12.00 p.m. There is not too much time to eat lunch, but there is always time to celebrate birthdays! With a small team of eight people, we always find the moments to celebrate personal milestones and professional victories. Today, we celebrate Samantha Sandoval’s birthday. Another up and coming leader, Samantha manages our grant making for all of our core programs. So far, LCF has awarded nearly $6 million into Latino-led organizations working on creating opportunities for youth and families to thrive and become more civically engaged.
12.30 p.m. I run out the door to make my next meeting on time. Anna Gagliuffi, our talented Associate Designer, equips me with all of our communication collateral that she has designed. All of it reflects our bold mission and clearly presents the impact we have already made on the lives of more than 100,000 Latino youth and families. On the way to my next destination, I reach out to my mom who lives overseas. Hearing her sweet voice on the phone and encouraging words keeps me going forward. She and my dad are the ones who taught me values of justice, equity, and generosity. Paying it forward and lifting others up is at the core of what I learned from a young age. As a professional woman, it remains at the heart of I am. Living more than 3000 miles away from my parents is probably the hardest part of this move to California. This quick call grounds me and brings joy to my heart. Onward to the next destination…
1.00 p.m. I arrive on the steps of California’s Supreme Court Building to meet with Dr. Alberto Cuellar, the newest member of the Latino Giving Circle Network and the father of Mariano (Tino) Cuéllar. We are on our way to meet with Tino, the first and only Latino Justice of the Supreme Court of California. The conversation with Justice Tino and his dad centers on the importance of opening doors for youth to achieve their goals and own their power as change makers for our country.
3.00 p.m. I join a conference call with Maria Teresa Kumar, founder and CEO of Voto Latino and Christian Arana, our LCF Policy Director. Maria Teresa is on a mission to register one million Latino voters by 2020 with her new campaign, Somos Mas. On this call with reporter David Adams, we discussed the importance of creating a new generation of Latinos investing in political campaigns.
4.00 p.m. Head over to LinkedIn where we will hold our quarterly Board meeting. Tonight we will be discussing our three-year strategic plan, voting on a block of grants, and shaping the course of our work in California. This afternoon, our Board will authorize the staff’s recommendation to invest in 14 organizations working to help immigrant families rebuild from recent wildfires that devastated their communities. This will be our largest docket of grants and it includes over $700,000 in funding for our Just Recovery campaign in the Napa and Sonoma region. In partnership with companies like Naked Wines and Tesla, we have led this campaign to support organizations helping families rebuild their lives and groups working to create a more equitable future for the immigrant families that make-up the backbone of the workforce in the world renowned Wine Country. Its not enough to rebuild the way things were — we are working on more affordable housing, job opportunities with living wages, and on policies that will protect the environment and guard against other disasters caused by climate change.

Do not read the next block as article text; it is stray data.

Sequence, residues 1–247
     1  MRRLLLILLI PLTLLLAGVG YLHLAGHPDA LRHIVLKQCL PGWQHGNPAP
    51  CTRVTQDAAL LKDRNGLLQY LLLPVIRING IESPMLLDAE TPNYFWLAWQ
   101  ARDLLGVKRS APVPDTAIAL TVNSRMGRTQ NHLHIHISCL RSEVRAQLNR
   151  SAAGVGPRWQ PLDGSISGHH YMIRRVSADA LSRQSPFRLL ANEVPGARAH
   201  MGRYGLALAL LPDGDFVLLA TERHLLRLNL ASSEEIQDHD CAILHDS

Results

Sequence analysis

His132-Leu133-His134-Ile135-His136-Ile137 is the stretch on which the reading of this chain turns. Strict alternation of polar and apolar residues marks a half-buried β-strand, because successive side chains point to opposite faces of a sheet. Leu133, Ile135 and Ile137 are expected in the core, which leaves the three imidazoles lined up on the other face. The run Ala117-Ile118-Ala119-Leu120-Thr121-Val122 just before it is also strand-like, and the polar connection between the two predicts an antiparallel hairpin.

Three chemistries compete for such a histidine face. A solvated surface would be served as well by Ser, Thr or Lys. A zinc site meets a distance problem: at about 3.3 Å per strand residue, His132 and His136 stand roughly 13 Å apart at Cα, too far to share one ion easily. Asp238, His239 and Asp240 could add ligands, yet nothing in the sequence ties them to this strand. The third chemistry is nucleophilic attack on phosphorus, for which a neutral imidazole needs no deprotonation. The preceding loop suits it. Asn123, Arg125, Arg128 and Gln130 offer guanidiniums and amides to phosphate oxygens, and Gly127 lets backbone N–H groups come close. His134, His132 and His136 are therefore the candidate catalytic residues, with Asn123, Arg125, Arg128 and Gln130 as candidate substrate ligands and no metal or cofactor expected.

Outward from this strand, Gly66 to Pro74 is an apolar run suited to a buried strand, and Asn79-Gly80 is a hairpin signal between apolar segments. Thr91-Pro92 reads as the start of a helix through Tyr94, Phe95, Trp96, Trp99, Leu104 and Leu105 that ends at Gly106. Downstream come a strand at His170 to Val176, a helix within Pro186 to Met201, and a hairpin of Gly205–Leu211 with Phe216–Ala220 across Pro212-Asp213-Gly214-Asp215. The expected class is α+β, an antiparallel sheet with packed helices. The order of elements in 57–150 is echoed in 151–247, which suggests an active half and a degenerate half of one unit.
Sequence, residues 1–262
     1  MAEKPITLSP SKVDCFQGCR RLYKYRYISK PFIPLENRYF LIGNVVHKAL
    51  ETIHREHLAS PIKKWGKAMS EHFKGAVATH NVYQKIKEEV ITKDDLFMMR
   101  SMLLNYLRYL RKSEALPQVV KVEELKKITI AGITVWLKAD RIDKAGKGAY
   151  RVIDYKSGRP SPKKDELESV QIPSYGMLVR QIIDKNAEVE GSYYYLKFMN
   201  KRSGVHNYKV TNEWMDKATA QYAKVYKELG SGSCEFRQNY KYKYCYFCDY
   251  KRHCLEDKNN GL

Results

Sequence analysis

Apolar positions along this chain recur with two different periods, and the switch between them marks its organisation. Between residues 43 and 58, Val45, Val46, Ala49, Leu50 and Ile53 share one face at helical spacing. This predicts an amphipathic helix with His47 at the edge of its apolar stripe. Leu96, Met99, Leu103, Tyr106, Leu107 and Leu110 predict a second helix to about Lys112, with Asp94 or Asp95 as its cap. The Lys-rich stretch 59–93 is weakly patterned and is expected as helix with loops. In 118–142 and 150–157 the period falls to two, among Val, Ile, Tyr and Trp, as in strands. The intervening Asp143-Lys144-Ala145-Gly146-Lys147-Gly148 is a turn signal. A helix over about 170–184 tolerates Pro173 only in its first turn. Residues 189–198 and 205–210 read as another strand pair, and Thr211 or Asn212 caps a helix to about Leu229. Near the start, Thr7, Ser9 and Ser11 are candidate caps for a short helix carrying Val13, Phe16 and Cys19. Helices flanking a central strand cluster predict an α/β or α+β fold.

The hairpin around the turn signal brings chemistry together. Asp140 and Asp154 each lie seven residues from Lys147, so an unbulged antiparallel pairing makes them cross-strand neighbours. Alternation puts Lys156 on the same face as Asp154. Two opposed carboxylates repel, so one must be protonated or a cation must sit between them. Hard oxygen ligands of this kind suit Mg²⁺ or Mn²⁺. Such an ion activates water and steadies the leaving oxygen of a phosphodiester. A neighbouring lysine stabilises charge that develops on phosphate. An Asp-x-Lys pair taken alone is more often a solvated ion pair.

8.00 p.m. Spend a little moment with Sara Velten, our fabulous VP of Philanthropy and the rest of the LCF A-team to commemorate the meeting’s success! Rising a glass of wine to toast and celebrate the hard work of the team and families that will be impacted by this investment. Our work continues onward…
8.30 p.m. I jump in my Lyft and head across the Bay Bridge. I catch up on emails for 20 minutes and send out some notes of gratitude to everyone who made today possible! I take a moment to enjoy the moonlight shining on the Bay and the beautiful silhouette of the rolling hills of Oakland in the backdrop, so grateful for the opportunity to lead an organization on the cutting edge of setting the pace for progress for Latinos. All happening in the 5th largest economy of the world—California—our time to make sure progress and prosperity is equally enjoyed by all!
9.00 p.m. I arrive home to the warm embrace of a loving, supportive husband who’s been praying for me all day! Dinner is ready and it’s time to relax and enjoy a meal in good company…perhaps the best part of the day. Getting renewed and refreshed to hit repeat again tomorrow!